The use of music (not whistling) influenced maritime terms. “Transom” comes from the Latin ‘transtrum’; trans (across) strum (strings or stringers). “Fiddles” derived from fiddle strings; originally, fine cords were passed through frames on tabletops to keep dishes from sliding in heavy seas.
Some names are simple and can be worked out, if one puts a mind to it, but it’s just as easy to get meanings wrong. Hawse, from the sixteenth century Norse = hales = neck; “Beam” came from fire/wood, i.e. fire came from wood burning which produced a ray of light (a beam) vis-à-vis a tree plank, however in German there is buc and balkr, belly, lump or clod, balk of timber? Hence the word “bulkhead” and the word “buoy,” originally a baulk, tied to a rock in the Thames under Henry VIII’s pilotage charter.
“Bilge” comes from the French, “boulge, which means cask. “Chine” is from the French, “eschine”/spine, which was originally chime, the rim of a cask. “Scupper” also has French origins, “escopir,” meaning “to spit out.” Think about this one: a “chandlery” was once simply a candle shop
Expressions used in everyday speech came from circumstances at sea. A “donkey’s breakfast”’ came from when a seaman’s mattress made of straw was tipped over. A “son of a gun” was a seaman born at sea, usually between the cannons because deck space was always at a premium. A “loggerhead” was a tool for sealing seams, which became handy in a fight, hence the usage today — “at loggerheads.” The word “cannon” comes from the Orient where the first ones were reinforced with cane. However, in Greek the word for reed was “kanne.”.
Superstition and Ships
Superstition had much to do with words relating to ships on the sea. In the term “maiden voyage,” the second word comes from the Latin, “viaticum,” the act of traveling. The first word comes from Greek mythology where the waters were ruled by Neptune and the wind by Aeolus. Before launching a new vessel, a maiden was sacrificed to appease these gods and her head was placed on the bow as a sign that a soul had entered the ship. In time, maidens were no longer sacrificed and a carved figurehead became the sign.
Ballast, which was cut from stone and used to provide keel weight, was considered to belong to Davy Jones. It was believed that at any time he might want his property back, so it was important to appease him. As told in Greek myths, the vengeful Kronos used a sickle to turn his father into a eunuch and threw his father’s scrotum into the sea. It was therefore important to launch a boat with due ceremony and name it accordingly. A case for example where there was no ceremony and a name less than pleasing to the gods…Titanic.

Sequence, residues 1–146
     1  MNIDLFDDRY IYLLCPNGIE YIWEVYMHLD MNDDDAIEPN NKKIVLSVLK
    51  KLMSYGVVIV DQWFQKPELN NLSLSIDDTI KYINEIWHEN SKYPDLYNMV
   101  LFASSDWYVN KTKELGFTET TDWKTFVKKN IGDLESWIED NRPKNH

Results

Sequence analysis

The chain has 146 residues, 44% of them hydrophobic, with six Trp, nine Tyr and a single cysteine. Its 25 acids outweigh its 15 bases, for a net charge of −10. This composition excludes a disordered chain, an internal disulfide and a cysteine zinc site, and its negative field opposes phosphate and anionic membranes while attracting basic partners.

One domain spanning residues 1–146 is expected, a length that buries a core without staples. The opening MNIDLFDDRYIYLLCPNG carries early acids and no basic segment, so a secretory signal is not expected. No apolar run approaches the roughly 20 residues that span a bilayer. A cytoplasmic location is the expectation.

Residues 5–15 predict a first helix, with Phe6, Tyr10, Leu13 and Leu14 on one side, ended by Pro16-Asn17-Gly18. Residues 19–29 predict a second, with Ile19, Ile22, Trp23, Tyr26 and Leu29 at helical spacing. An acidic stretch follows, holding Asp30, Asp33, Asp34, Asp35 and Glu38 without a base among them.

Here is the entomology of more words: “Galley” from the Latin “galea” or “galera,” meaning prison. “Limber” from lumiere meaning light hole. “Lazarette” from Italian, meaning pest house or quarantine. In 14th century English, “Davit” was construed from David because tools and machines in those times were given Christian names. Capstan may have come from Barcelona, at the time of the crusades, from “cabra and estante” the standing goat.
“Fathom” came from the Latin “faethm,” meaning “stretched out arms,” a fathom being two arm widths or an embrace. Draft is a misspelling of “draught,” which means “to draw water from.” A “cleat” was originally a small wedge of wood fastened to the side of a mast so that its thickness would stop rings from slipping down. Mast is a derivative of Maest, Dutch Mesten and German Masten. The boom was a doublet of beam and/or amative of a sound of the pull of air, however Dutch baum = tree. “Log,” an item tossed over the side of a boat then timed as it floated by, to give a speed. Later, a spinner towed behind, patented by the Dutch.
A book recorded speeds, then depths for cartography and became a ship’s log. Bollard comes from the Norwegian for puller, Dutch and Danish poller, polder, pollard, hence bollard. A “black box” is a recording device for aircraft and some vessels. Originally it was for notations of savings against the devil, a sort of good deed collection box.
Catamaran comes from the Tamil language, from “katta,” to tie, and “maram,” wood. Interestingly the cat was the name of the purchase by which the anchor was hoisted before the days of the stockless anchor, and the name of a certain whip used on sailors. Coal-carrying ships were known as “colliers,” and as “cats” (even though they were monohulls). Captain James Cook’s Endeavour, in which he came to New Zealand, was a converted collier.
Words can have several meanings, and the number of terms applied to the marine life is huge. Take a look at “The Oxford Companion to Ships and the Sea” for other fine nautical terms.